The “public option” is back — both in Washington, D.C., and the states. President Joe Biden as a candidate supported the idea of a government-run or heavily regulated insurance plan that would compete with private insurance. But until now it has been more of a concept than a plan. Two top health leaders in Congress say they will try to put a plan together, while public options in various forms work their way through legislatures in Colorado and Nevada.
Meanwhile, bioethicists are debating whether the U.S. should be vaccinating low-risk adolescents against covid-19 while high-risk adults in other countries remain vulnerable.
This week’s panelists are Julie Rovner of KHN, Margot Sanger-Katz of The New York Times, Alice Miranda Ollstein of Politico and Rachana Pradhan of KHN.
Among the takeaways from this week’s podcast:
- Sen. Patty Murray (D-Wash.) and Rep. Frank Pallone (D-N.J.), who each chair key health committees on Capitol Hill, have put out a request for ideas about the public option. The idea has been championed by many Democrats since it was excluded from the Affordable Care Act, and some lawmakers have introduced bills to set up such a program. The sound bites are appealing but creating such a program would be exceedingly complicated. Murray and Pallone’s initiative is an effort to start a detailed inquiry into what would be needed for a public option and where the political fault lines lie.
- State efforts to set up public options are generally seen as much less effective than a national program would be.
- Five Senate Republicans joined Democrats to support the confirmation of Chiquita Brooks-LaSure as administrator of the Centers for Medicare & Medicaid Services. Although the agency isn’t exactly considered a glamour post, it is one of the most influential jobs in government. By controlling spending and administration of both Medicare and Medicaid, as well as the ACA’s insurance marketplaces, the agency controls about a quarter of all federal spending.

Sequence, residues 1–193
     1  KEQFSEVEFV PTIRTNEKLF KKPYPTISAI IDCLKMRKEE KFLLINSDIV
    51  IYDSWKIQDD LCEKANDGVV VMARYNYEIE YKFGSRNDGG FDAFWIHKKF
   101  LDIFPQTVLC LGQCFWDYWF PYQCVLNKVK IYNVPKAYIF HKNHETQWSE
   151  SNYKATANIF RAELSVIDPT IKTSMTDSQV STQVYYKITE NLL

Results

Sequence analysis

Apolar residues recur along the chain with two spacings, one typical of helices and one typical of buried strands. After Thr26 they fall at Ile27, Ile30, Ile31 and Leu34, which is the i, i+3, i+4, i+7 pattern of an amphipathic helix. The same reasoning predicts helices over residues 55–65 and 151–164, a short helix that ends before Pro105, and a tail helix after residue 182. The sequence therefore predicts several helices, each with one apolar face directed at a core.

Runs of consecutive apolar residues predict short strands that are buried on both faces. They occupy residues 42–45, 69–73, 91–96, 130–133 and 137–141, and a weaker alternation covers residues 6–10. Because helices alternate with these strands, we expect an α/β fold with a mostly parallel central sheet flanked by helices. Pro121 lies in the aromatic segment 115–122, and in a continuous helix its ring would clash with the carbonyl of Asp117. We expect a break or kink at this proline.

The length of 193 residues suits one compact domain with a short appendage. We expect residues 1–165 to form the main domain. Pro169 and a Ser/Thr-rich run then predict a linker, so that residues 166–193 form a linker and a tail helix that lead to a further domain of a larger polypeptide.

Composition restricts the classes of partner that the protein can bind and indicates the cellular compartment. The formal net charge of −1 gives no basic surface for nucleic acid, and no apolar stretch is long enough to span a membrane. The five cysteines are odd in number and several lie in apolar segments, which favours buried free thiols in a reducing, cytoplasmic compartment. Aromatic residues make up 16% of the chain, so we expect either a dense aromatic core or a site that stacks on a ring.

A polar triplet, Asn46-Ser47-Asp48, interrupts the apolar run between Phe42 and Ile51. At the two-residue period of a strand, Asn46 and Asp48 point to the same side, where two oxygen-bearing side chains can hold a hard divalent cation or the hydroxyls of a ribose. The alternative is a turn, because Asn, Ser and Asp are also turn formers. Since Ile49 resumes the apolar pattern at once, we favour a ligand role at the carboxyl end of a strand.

- Early reports of Biden’s first budget suggest that while he will not be putting dollars behind plans to lower Medicare eligibility or establish a government-run public insurance option on the ACA marketplaces, he will acknowledge that those options are goals he would like to see Congress pursue.
- Biden is also expected to signal he wants federal funding bills to no longer include the Hyde Amendment, a long-standing federal policy to deny government funding for abortion in most cases. Many Democrats have complained that the provision keeps low-income women who have Medicaid insurance or federal workers who are covered through their jobs from securing an abortion if they need it. Republicans have argued that taxpayers shouldn’t have to finance abortion if they are morally opposed to it.
- New federal data shows that more than 50% of adults have been vaccinated against covid. But the success of the U.S. inoculation campaign is raising questions about what Americans should be doing to help other countries. Some argue that vaccine supplies here should be given to countries that are struggling before many lower-risk people in this country — including children — get their shots.
- New reports are casting suspicions on the assumption that covid came from a natural transmission from animal to human in China and suggest it may be tied to a viral research lab in Wuhan, China. This could have implications for research protocols in the future and U.S.-Chinese relations on health studies and other issues.
Plus, for extra credit, the panelists recommend their favorite health policy stories of the week they think you should read, too:
Julie Rovner: The New York Times’ “Covid Killed His Father. Then Came $1 Million in Medical Bills,” by Sarah Kliff
Alice Miranda Ollstein: HuffPost’s “Can America Close the COVID Vaccine Race Gap?” by Jonathan Cohn
Margot Sanger-Katz: KHN’s “Corporations Encourage Employee Vaccination but Stop Short of Mandates,” by Anna Almendrala
Rachana Pradhan: The Wall Street Journal’s “Intelligence on Sick Staff at Wuhan Lab Fuels Debate on Covid-19 Origin,” by Michael R. Gordon, Warren P. Strobel and Drew Hinshaw
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